As shown in FIG. 1, a general correlation is observed between hardness and impact toughness for air-cooled steels produced in accordance with the present invention. Both the reduced-Ni steel produced in accordance with the present invention (Examples 1-9) and the conventional 3-4 w/o Ni steel (Examples 10-12) appear to follow the same hardness-toughness relationship. Steels with increasing hardness show decreased levels of impact toughness. FIG. 1 also appears to indicate that the hardness-toughness correlation is non-linear. However, a perceived curve delineated by the Examples plotted in FIG. 1 shows a change in slope at approximately 50 Rc. Heats with hardness values between 51-54 Rc appear to show a more marked decrease in impact toughness with increasing hardness than the Examples with hardness values between 39-48 Rc. Moreover, between 51-54 Rc, essentially the same hardness-toughness relationship exists for both the reduced-Ni steel produced in accordance with the present invention and the conventional 3-4 w/o Ni steel. Thus, a steel produced in accordance with the present invention and a steel having 3-4 w/o Ni appear to exhibit equivalent impact toughness properties in this hardness range.

At hardness values of 47-49 Rc, the reduced-Ni air-cooled steel produced in accordance with the present invention appears to exhibit impact toughness superior to that of an air-cooled 4 w/o Ni, 0.26 w/o C steel, as shown in FIG. 1.

At a C level of 0.18-0.23 w/o, the present invention in the air-cooled condition shows substantially equivalent hardness (39-43 Rc) and impact toughness properties as does a steel having a composition of approximately 4.0 w/o nickel, 1.4 w/o chromium, 0.25 w/o molybdenum, 1.0 w/o silicon, and 0.32 w/o carbon which has been slow-cooled in a mold to enhance impact toughness. Thus, the lower C steel of the present invention eliminates the need to cool a casting slowly in-mold to achieve the higher levels of impact toughness desired for certain applications.

The products according to the present invention will become more apparent upon reviewing the following detailed examples.

EXAMPLE 1

Steel bars having wear resistant tungsten carbide embedded therein were cast in accordance with the present invention. A mixture of cobalt cemented tungsten carbide particles, -1/4+4 mesh U. S. Standard Seive Series, were placed in a sand mold having multiple recesses corresponding to the desired dimensions of the castings. In this instance, the individual castings were 1 inch by 6 inch by 3/4 inches thick. The amount of carbide particulate chosen was such that at least one layer of carbide particles approximately 1/4 inch thick covered the bottom of each recess. The steel was melted in an induction furnace, degassed with Al and Zr, and cast at approximately 3150 degrees F. about the tungsten carbide particulate. The nominal composition of the steel was 0.20 w/o C, 1.30 w/o Si, 1.34 w/o Mn, 1.87 w/o Ni, 0.89 w/o Cr, 0.28 w/o Mo, typical impurities, and the remainder Fe. The molds containing the carbide were preheated to between 1500 and 1800 degrees fahrenheit prior to casting. After cooling for approximately one hour the castings were removed from the sand mold and allowed to cool in air to room temperature.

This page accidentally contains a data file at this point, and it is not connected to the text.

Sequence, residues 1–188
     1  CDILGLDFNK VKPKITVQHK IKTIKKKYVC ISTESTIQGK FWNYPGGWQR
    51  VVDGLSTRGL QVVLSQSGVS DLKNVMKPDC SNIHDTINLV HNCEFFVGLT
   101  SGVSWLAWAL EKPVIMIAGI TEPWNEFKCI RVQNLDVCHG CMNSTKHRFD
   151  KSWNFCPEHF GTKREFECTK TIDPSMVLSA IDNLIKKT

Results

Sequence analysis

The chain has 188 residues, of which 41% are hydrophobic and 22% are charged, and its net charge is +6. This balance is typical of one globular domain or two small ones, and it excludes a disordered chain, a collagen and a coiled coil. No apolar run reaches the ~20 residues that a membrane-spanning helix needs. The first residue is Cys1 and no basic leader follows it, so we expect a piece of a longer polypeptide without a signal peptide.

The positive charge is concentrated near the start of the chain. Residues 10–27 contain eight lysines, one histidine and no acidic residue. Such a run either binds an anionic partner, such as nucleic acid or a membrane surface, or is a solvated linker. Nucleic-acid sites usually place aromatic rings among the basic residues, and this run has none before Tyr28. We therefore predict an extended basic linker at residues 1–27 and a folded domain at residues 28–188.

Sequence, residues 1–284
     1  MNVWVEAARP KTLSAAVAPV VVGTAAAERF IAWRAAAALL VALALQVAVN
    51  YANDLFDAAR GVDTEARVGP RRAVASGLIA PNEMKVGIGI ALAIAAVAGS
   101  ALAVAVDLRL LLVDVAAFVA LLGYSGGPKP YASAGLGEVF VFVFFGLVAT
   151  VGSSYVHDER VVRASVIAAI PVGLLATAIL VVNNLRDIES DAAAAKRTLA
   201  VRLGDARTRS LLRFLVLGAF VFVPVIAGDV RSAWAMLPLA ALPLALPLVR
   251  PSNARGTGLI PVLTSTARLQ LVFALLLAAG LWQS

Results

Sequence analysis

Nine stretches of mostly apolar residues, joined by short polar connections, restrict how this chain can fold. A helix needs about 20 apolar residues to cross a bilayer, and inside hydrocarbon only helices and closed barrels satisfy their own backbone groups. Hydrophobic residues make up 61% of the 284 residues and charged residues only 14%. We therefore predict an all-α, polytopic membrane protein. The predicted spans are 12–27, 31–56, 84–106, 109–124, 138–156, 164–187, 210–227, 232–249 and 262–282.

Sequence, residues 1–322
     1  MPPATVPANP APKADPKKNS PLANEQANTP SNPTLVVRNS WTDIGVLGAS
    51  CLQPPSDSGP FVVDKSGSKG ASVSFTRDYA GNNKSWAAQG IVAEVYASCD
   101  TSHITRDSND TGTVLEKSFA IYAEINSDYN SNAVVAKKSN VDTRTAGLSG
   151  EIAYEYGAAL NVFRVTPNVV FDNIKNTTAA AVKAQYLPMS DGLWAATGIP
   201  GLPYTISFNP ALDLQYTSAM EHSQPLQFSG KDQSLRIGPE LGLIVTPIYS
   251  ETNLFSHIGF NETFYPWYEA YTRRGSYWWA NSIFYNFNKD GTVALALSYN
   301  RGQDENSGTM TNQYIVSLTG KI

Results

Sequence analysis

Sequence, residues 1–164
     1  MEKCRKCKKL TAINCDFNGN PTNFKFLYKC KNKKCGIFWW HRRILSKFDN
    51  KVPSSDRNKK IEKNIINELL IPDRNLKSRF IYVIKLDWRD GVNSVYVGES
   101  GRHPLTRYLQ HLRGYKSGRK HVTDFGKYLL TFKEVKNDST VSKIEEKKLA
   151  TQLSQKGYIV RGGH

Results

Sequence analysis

Hardness measurements of sections of the air cooled castings showed a mean hardness value of 39 Rc as measured by standard Rockwell C testing specifications. Impact toughness was also measured by a modified Charpy-type test, ASTM Designation E23-86, on an unnotched beam of the above described sample and was found to have a mean value of 59 ft-lbs.

The impact toughness and hardness values for this steel composition are plotted on FIG. 1 and identified by the numeral 1.

EXAMPLE 2

Steel bars having wear resistant tungsten carbide embedded therein were cast in accordance with the present invention. A mixture of cobalt cemented tungsten carbide particles, -1/4+4 mesh U. S. Standard Seive Series, were placed in a sand mold having multiple recesses corresponding to the desired dimensions of the castings. In this instance, the individual castings were 1 inch by 6 inch by 3/4 inches thick. The amount of carbide particulate chosen was such that at least one layer of carbide particles approximately 1/4 inch thick covered the bottom of each recess. The steel was melted in an induction furnace, degassed with Al and Zr, and cast at approximately 3150 degrees F. about the tungsten carbide particulate. The nominal composition of the steel was 0.21 w/o C, 1.54 w/o Si, 1.43 w/o Mn, 0.99 w/o Ni, 1.78 w/o Cr, 0.21 w/o Mo, typical impurities, and the remainder Fe. The molds containing the carbide were preheated to between 1500 and 1800 degrees fahrenheit prior to casting. After cooling for approximately one hour the castings were removed from the sand mold and allowed to cool in air to room temperature.

Hardness measurements of sections of the air cooled castings showed hardness value of 43 Rc as measured by standard Rockwell C testing specifications. Impact toughness was also measured by a modified Charpy-type test, ASTM Designation E23-86, on an unnotched beam of the above described sample and was found to be a mean value of 56 ft-lbs.

The impact toughness and hardness values for this steel composition are plotted on FIG. 1 and identified by the numeral 2.

EXAMPLE 3